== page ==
Self-care after menopause

So, it's really important to still look after yourself well when you are post-menopausal. I've discovered over the years that self-care is an ongoing process and we need to keep looking after ourselves well. We need to keep adjusting for when we start to grow older because our bodies need different things at different times.

One of the most important things is water. We need to be hydrated, especially for things like brain function and joints post-menopause. This is important.

Get your diet sorted. Make sure you're getting plenty of fresh fruits and vegetables, and good-quality protein. We need more protein as we get older, so that's important, as well as whole grains and healthy fats, especially to keep our brains and our joints going.

Sleep well. If you're having poor sleep, this needs to be addressed.

Regular exercise is still important. I'm not suggesting you should be exercising like mad here. I've just been reading some really interesting research on exercise as we get older, and they're now looking at walking as being the best exercise that you can do. Even just 15 minutes a day outside is worth its weight in gold to keep your body that little bit fitter as you go into post-menopause.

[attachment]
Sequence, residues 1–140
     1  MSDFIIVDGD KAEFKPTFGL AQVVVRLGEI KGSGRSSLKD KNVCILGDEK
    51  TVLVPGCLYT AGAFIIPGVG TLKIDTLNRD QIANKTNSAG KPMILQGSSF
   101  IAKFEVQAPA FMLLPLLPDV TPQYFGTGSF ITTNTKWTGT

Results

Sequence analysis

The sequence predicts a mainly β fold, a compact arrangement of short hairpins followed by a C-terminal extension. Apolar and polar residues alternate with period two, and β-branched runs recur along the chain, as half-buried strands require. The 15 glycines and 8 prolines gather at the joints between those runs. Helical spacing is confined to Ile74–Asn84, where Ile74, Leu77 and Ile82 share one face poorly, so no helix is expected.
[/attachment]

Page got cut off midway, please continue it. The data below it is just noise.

Also, look at relaxation and things to help with stress relief. Make sure your stress levels are as low as possible.

When you get to post-menopause, don't just think, "That's it. I can stop everything. I don't need to look after myself. That's it, all over and done with."

If you've been taking supplements during perimenopause and menopause, do continue them because your body still needs that extra support as you go through post-menopausal life. Just remember though that not all symptoms are connected to post-menopause. So, if anything comes up that you're not sure about, or if any symptoms you have suddenly start to get worse instead of easing off, please do double-check with your doctor.

I hope you enjoyed this one. I mean, the other day, I had four questions about this in just one day. So, it seems to be coming more to the fore, or more of you are looking at what's going to happen post-menopause.

So, I hope you find this helpful. As always, please post your stories. How did you help yourself? What have you found useful? Please share your tips because they're bound to be helpful for someone else as well.

Until next time, take care and have a lovely week.

You may also find these topics helpful:

10 things you need to know about post-menopause

After menopause: 4 questions women ask about post-menopause - Part 1

After menopause: 4 questions about post-menopause symptoms – Part 2

Post-menopause: the good, the bad, and the problematic